The smell of meat and alcohol makes me heave, as does the smell of eggs being cooked. Xander has an omelette most mornings though, so I just need to open the back door and get some fresh air. Frequent headaches during the first trimester were a real niggle, as they put me out of action, although thankfully these have now eased. I do seem to get a fair few nosebleeds, which is odd, although I read that this can be common.

Have you told your little one that there is a baby on the way?

He knows there is a “waa waa” on the way. He says “hi” and waves, and he kissed my bump the other day, which was really sweet and spontaneous. I talk to him about how his baby brother is coming in July and that he will soon have a playmate. Xander says the “waa waa” is currently sleeping and yawns to show me what he thinks the baby is doing. He sees the scan picture on the fridge and says “waa waa” then yawns. As we get a bit further down the line I will start reading a book to him that helps introduce a new sibling.

What preparations are you making now for the new baby?

A number of Xander’s old things have been placed in the spare room. I have a Stokke Cot, which is lovely, although it looks like it has been used to house animals as it has lots of Xander’s teeth marks on the sides! We need a day bed for the room for 2am feeding sessions - and general passing out from exhaustion - as well as a chest of drawers with a changing table on top. Ideally I’d like to make a chic monochrome nursery, but as Xander still spends more time in our room than his, I’m not going to go too mad on it.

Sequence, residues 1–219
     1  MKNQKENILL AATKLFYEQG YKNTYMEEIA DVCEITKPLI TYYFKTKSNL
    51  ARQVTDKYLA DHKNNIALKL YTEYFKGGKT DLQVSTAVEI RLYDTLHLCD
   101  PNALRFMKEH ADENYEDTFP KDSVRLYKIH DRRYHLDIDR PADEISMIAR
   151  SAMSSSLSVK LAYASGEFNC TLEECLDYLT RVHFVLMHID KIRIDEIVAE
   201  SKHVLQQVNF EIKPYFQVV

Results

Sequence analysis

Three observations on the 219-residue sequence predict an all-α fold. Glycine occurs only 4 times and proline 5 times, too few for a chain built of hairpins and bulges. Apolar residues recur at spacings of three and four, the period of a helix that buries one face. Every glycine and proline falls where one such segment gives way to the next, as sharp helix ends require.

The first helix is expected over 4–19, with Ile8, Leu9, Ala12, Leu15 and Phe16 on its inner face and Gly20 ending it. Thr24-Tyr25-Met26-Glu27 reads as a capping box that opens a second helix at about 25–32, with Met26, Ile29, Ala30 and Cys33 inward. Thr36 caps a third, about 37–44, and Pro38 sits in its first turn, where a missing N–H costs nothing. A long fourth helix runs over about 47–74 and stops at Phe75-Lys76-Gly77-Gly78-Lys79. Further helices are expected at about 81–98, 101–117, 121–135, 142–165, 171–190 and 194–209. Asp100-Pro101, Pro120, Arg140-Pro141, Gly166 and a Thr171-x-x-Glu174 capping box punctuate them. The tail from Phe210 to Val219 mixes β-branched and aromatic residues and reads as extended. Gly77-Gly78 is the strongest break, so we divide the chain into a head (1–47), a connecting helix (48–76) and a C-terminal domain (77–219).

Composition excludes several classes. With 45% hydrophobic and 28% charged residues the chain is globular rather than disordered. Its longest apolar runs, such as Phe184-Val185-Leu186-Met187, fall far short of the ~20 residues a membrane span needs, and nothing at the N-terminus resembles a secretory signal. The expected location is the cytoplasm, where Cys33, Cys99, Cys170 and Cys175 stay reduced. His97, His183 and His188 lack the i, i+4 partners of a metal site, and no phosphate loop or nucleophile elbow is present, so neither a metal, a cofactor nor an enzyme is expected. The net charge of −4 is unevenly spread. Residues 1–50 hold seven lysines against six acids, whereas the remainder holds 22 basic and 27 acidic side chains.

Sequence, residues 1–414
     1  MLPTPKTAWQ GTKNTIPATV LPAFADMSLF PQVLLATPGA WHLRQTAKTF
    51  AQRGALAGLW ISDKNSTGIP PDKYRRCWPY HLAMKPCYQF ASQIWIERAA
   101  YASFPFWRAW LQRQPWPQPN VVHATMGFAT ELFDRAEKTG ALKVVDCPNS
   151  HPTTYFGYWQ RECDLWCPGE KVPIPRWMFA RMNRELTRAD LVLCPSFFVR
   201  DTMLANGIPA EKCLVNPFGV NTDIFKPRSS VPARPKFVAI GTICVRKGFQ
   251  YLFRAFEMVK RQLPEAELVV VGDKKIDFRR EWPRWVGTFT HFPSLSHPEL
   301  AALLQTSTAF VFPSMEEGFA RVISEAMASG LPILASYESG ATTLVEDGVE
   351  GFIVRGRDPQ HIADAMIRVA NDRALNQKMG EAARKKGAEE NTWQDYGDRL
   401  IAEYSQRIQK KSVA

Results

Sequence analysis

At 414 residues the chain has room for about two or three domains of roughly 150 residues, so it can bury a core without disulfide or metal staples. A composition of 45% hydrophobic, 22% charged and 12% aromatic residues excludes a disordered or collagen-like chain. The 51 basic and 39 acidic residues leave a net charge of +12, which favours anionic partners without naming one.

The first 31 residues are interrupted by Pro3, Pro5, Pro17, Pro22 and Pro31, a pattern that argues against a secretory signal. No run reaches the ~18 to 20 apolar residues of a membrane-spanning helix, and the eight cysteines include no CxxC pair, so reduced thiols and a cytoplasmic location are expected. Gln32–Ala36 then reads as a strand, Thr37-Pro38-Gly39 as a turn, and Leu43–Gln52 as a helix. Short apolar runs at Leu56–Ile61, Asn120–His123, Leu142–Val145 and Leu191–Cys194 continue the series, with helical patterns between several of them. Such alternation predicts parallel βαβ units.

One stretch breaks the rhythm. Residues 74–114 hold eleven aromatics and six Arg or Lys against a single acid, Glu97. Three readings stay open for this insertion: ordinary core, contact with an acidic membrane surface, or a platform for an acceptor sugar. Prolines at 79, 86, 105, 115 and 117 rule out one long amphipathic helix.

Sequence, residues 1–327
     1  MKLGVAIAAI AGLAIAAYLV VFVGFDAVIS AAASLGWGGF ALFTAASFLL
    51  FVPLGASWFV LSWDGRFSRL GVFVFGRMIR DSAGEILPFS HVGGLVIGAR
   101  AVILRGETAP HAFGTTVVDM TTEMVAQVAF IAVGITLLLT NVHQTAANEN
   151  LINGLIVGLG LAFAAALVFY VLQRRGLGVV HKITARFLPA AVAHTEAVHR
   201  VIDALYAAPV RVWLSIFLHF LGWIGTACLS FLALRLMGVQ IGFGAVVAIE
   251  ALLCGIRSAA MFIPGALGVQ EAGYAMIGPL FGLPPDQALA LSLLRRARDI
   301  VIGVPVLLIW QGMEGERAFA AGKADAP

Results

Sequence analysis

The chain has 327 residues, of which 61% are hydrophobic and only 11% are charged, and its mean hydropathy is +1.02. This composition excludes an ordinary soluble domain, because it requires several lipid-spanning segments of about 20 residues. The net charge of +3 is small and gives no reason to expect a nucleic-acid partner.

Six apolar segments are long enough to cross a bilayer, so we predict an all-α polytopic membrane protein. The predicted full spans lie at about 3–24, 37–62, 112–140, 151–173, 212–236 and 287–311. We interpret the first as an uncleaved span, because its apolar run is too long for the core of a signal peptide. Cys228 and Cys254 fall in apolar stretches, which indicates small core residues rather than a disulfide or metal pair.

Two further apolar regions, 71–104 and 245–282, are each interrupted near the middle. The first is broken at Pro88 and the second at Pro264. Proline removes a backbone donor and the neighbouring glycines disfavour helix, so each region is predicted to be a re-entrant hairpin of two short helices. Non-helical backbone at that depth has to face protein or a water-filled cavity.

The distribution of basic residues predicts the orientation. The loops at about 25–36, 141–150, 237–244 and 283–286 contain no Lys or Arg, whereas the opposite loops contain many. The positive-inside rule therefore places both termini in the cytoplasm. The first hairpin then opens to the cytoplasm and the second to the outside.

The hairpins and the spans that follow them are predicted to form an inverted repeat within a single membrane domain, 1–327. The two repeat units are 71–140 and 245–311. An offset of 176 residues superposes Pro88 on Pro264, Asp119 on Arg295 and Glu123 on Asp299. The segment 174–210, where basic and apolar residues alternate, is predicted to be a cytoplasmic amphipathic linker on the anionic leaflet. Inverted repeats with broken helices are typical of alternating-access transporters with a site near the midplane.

Are you going to antenatal classes?

I went last time to Horizon Nursery and have all the handouts, so was going to review them in my spare time. I would like to attend a seminar of some classes on VBACs within the next few months, however, so watch this space.

The expert view

Dr Tahira Sadigova, obstetric gynaecologist at Euromed Clinic Center (04 3945422/www.euromedclinicdubai.com) outlines the 25-week milestones for mum and baby.

The baby

A baby at 25 weeks weighs nearly 660g, on average, and is about 35cm long from crown to heel. His appearance is changing too – the long, lean look is being replaced by baby fat, giving him a more newborn-like appearance. Plus, his senses are becoming more sophisticated.

By now, the baby will have developed his own little routine in your womb. He will play by turning, doing somersaults and wriggling around – usually followed by a little nap to recover! The baby will also enjoy hearing mum’s voice at this stage and may move around in response to it, so talking and singing to baby is really important. You may even want to read to him too.

The mum

You should have an antenatal appointment at 25 weeks and your midwife might talk through your birth plan or your thoughts about the type of delivery you would like. Make sure you birth partner is aware of the kind of birth you wish to aim for and your thoughts on pain relief.

You might be given a test for gestational diabetes at this point in pregnancy, if you have gained weight rapidly, or if your urine or blood sample has flagged up cause for concern.

Your fingers, wrists and hands may be feeling achy and numb. The passageway, or carpal tunnel, in your wrist that carries your nerve and tendons to your hand is swollen, as are many other tissues in your body. The nerve that runs through the tunnel is pinched, creating pressure that causes shooting or burning pain. Wearing a brace may help. Talk to your midwife or doctor if you are experiencing this sort of pain.